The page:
I need to purchase a humidifier for my violin.
I'm looking into this one, which I found through David Burgess' website: Sunbeam Warm Steam Vaporizer, 1388-800.
My question is, do I have to buy a Humidity Controller as well (e.g. WILLHI WH1436H Air Humidity Controller)? Do these two machines work together? Or is simply a humidifier enough?
If you are familiar with these utensils, it would be helpful if you can let me know how they work.
The Sunbeam will create humidity, but will run constantly without the controller. With the controller, you can set the humidity to a specific target and the Sunbeam will come on/off as needed.
BEWARE: a cold or even hot "stream" vaporizer may emit water vapor that exceeds the room air's dew point (supersaturates). The excess moisture may condense and "rain" or at least wet some surfaces.
Andrew brings up a good point. Too much humidity can become a problem, particularly on very cold days -- it may condense on the windows. I occasionally (on very cold days) have to run my system at a lower humidity than I'd like to keep the windows from condensing.
I live in Michigan about 50 miles from DB so the humidification issues here are similar. I use his setup: an inexpensive bubbling humidifier with an external controller to keep the humidity in one room of my house between 40-60 percent. Yes, I do get window condensation in this really cold weather we are having. But I also get window condensation in all the other rooms of my house. I mop up the excess with a rag each morning to prevent mildew. My violin, stored in the humidified room, seems to be doing okay. Some of the places I play are very dry. You can tell by the way the bow hair tightens up within 15 or 20 minutes of playing. Doesn't seem to be a real problem for the violin, however.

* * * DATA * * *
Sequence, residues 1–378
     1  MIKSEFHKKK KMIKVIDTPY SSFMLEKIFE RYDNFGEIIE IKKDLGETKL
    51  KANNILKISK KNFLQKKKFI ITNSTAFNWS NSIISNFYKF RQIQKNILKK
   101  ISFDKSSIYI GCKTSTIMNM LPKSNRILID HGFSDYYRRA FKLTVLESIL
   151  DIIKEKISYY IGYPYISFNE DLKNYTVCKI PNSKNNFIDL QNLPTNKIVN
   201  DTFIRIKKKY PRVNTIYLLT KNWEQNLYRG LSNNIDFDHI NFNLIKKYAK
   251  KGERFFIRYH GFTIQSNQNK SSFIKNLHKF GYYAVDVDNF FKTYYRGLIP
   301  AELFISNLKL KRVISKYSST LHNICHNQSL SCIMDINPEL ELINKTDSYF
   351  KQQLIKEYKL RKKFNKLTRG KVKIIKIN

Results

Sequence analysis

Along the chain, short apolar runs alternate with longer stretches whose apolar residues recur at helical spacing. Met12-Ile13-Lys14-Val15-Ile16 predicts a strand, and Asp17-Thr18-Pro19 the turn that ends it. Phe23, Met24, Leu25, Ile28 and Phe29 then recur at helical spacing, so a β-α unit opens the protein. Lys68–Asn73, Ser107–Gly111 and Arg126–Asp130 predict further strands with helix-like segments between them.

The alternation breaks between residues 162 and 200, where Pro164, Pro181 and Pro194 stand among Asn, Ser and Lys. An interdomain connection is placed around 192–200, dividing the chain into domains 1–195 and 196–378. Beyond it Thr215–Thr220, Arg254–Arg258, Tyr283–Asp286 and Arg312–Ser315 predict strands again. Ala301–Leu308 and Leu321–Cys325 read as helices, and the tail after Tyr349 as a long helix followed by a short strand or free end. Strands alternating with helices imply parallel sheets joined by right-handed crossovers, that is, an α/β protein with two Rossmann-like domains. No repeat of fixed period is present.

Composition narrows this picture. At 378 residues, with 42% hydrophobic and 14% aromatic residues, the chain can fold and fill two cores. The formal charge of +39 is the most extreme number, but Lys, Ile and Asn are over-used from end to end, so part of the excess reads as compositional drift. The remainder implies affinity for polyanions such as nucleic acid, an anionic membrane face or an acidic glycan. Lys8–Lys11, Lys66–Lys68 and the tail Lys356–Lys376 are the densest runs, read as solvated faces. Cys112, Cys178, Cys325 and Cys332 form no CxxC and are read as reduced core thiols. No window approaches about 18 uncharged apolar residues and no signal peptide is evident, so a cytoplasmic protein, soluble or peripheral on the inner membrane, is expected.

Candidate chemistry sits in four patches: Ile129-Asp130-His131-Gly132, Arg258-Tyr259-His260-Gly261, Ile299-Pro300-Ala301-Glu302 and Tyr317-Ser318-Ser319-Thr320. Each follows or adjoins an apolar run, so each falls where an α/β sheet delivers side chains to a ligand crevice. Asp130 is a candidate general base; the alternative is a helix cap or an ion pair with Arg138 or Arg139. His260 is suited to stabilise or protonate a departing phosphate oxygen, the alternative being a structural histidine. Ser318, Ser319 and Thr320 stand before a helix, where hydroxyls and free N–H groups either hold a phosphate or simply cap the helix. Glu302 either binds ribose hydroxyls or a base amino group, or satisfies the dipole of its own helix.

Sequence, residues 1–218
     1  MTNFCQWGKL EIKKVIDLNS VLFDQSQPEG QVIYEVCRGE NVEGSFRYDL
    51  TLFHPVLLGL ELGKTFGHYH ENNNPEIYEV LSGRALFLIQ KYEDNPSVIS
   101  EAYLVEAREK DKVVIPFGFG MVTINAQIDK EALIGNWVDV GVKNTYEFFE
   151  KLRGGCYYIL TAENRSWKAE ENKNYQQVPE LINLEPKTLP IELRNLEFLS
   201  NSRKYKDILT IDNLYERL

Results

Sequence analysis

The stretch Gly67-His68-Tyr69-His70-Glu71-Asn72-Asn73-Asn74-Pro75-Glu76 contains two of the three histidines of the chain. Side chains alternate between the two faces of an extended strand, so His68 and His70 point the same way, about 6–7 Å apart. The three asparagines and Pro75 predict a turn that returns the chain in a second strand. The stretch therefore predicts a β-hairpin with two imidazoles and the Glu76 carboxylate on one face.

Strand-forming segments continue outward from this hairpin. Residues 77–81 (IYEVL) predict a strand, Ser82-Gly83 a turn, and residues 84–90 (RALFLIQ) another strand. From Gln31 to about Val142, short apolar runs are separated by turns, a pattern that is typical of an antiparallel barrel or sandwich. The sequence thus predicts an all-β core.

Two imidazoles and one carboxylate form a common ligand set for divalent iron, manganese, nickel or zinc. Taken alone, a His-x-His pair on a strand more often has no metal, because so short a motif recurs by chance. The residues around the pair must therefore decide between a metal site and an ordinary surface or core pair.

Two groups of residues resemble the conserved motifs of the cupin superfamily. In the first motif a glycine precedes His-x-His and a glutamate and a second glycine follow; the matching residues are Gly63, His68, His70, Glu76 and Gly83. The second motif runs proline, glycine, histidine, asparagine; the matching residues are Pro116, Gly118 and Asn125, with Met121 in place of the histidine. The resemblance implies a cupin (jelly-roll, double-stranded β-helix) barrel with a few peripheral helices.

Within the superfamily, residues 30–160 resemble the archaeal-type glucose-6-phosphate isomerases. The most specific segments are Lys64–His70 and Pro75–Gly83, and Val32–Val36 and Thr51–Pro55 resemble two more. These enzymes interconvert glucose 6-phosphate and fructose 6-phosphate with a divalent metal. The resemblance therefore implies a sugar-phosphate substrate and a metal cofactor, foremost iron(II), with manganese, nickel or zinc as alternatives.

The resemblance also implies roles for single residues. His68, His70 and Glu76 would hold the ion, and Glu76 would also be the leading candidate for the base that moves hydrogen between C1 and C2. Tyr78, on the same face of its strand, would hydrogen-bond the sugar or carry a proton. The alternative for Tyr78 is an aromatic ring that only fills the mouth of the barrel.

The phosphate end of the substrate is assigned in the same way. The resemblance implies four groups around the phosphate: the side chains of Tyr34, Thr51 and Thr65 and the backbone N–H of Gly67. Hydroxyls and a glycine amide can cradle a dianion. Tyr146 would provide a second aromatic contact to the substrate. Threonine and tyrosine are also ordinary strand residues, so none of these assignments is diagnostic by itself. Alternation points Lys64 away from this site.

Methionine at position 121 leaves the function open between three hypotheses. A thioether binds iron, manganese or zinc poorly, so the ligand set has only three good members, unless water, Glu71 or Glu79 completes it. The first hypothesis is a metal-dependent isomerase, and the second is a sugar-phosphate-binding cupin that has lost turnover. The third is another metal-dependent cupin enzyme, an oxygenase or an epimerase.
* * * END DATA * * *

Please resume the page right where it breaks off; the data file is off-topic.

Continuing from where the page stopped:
Window condensation does not mean supersaturation except at the surface of the window which will be much colder in winter than the air in the room.
Like Douglas has already said, the Sunbeam steam vaporizer, by itself, will continue to emit steam as long as it's plugged in and doesn't run out of water. It is the controller which allows it to perform much better than much more expensive units.
Some safety tips from the Mayo Clinic regarding humidifiers:
The list Nate posted covers the main reasons why I use and recommend the Sunbeam steam units, rather than some other style.
Thank you to everyone's helpful and informative responses!
In fact with David's type of humidifier, if your water has naturally low mineral content you may need to add, for example, a little baking soda. But only once. I agree with David's assessment of benefits and risks for that type of device. Still, everything can stand a cleaning once in a while. Even a violin...